SCE’s Dave Ford Advocates for Early Detection and Cancer Prevention

Annemarie DonkinBy Annemarie Donkin      November 11, 2022

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SCE’s Dave Ford Advocates for Early Detection and Cancer Prevention
Dave Ford at the White House spoke about Vice President Kamala Harris’ initiative of advocating for early cancer detection and prevention, especially among men of color.
Dave Ford is the Southern California Edison (SCE)spokesman in Topanga for fires, earthquakes, downed trees, PSPS events and all things electrical. Yet, it was his personal fight against colon and prostate cancer that drove him to advocate for early detection and prevention, especially for men of color. As Senior Government Relations Manager, for SCE, he is truly hands-on for Topanga. He participates in quarterly Topanga Emergency Management Task Force meetings, explains the details of SCE’s undergrounding project in Topanga while answering residents’ questions about downed trees, tree removals, pole replacements and PSPS events. Ford also manages relationships with government municipalities, including federal, state, and county governments that include Los Angeles, the County Board of Supervisors, Metro, and helps develop strategic initiatives to promote awareness of a clean energy future. Yet, for Ford, there is another serious cause that drives him. Cancer—A Spokesman for Early Detection and Prevention Ford’s personal battle with cancer began in 2014 when his doctor suggested he undergo a routine colonoscopy for prescreening and early detection. Instead of getting a colonoscopy right away, however, Ford waited three months. Unfortunately, during that time delay, Ford developed a tumor that ruptured in his colon. To prevent the cancer from spreading, Ford had emergency surgery resulting in having 18-inches of his colon removed. From that point, Ford determined to make it his life’s mission, or as he calls it, his responsibility, to reach out to others who may be putting off prescreening for cancer. Again, just three years later, during a routine physical, Ford had a blood test that indicated an elevated prostate-specific antigen (PSA) level. After a biopsy, the doctors confirmed he had prostate cancer, a type of cancer that, according to the American Cancer Society (ACS), will be diagnosed in about 1 in 8 men, and resulted in about 34,500 deaths in 2022. This time, Ford underwent radiation therapy, which was not necessary after his surgery for colon cancer. The treatment worked and he now lives cancer free. He credits the PSA test and his doctors for saving his life, “I think that sharing my experience, and the more I reflect on my journey, that prescreening, and regular checkups help more people,” Ford said. “We are seeing a level of cancer that is becoming more challenging, especially during COVID, that prevented people from getting physicals—cancer is significant among all races. Educating people on early detection will often lead to a better path to treatment, remission, or to eradicate it altogether.” The American Cancer Society After his battle with cancer, Ford was determined to advocate for cancer prevention. He joined theACS as a speaker to conduct further community outreach and regularly speaks on the importance of theses essential lifesaving procedures, especially for Black men. His leadership at the American Cancer Society includes: National Board Member, American Cancer Society—Cancer Action Network (ACS CAN) Los Angeles Area ACS Board Member since 2019 Co-lead, Southern California Edison “Relay For Life” Team with the ACS, raising more than $20,000 in 2022 National Spokesperson for ACS, including national virtual panels and events from 2020 through 2022 “The American Cancer Society is honored to have a passionate advocate like Dave Ford who shares his personal cancer experiences and encourages people to learn more about cancer screenings that could save their life,” said Dan Witzling, ACS Senior Executive Director, Los Angeles area. “Dave’s work is especially important for communities of color that often face additional barriers to cancer prevention and care due to health inequities.” In addition to the ACS, Dave Ford is a member of several strategic and philanthropical boards, including the LA Philharmonic, American Association of Blacks in Energy, and the Greater Los Angeles African American Chamber Educational Foundation. “This is my engagement, talking to churches, community groups and local organizations about awareness, education and prescreening,” Ford said. Throughout his career, Ford has applied these principles personally and professionally and was recognized as the 2020 Impact Maker to Watch. The Impact award is an annual distinction for those doing foundational work to positively impact Los Angeles. Ford was also named to the American Cancer Society Cancer Action Network’s national board of directors in 2021 and continues to raise cancer awareness from his home in Los Angeles. “I think the most important thing is love yourself, love your family and get prescreened,” he said. “That’s the gift that you can give to yourself and your family.”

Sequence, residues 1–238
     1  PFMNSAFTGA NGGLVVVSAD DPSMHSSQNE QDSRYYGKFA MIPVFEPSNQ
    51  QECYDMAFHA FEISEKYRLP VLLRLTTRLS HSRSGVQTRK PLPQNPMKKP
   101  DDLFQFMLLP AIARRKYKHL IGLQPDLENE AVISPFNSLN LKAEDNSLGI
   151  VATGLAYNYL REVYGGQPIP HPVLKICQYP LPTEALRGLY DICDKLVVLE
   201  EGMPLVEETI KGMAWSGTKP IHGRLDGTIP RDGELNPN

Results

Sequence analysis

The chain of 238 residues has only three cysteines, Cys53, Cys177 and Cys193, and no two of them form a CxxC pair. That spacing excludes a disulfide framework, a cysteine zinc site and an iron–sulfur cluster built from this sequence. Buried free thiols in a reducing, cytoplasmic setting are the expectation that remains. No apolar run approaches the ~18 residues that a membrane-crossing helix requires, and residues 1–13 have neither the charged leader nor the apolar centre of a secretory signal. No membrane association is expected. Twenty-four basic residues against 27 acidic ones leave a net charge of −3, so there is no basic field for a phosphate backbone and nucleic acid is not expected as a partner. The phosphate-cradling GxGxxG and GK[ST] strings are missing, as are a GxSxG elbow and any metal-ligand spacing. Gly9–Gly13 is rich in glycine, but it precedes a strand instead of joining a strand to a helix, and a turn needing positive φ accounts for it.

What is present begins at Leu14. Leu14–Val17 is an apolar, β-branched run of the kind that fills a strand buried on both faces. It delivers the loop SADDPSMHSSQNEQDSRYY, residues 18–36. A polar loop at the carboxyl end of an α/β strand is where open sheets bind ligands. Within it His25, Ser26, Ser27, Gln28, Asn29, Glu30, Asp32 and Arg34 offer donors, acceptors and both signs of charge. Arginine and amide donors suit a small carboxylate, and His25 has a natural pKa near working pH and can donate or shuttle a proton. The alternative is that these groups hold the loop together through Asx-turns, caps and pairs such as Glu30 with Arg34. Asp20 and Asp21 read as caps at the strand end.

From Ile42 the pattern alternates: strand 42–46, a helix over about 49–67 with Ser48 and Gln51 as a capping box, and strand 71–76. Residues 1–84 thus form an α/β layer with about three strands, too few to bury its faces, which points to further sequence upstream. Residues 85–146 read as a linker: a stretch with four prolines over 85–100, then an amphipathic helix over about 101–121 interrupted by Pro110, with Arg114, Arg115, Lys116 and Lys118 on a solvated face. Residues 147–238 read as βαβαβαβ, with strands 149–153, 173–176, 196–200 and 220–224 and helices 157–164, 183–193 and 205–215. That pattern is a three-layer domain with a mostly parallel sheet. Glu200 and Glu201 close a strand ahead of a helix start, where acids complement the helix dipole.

Annemarie Donkin
      November 11, 2022

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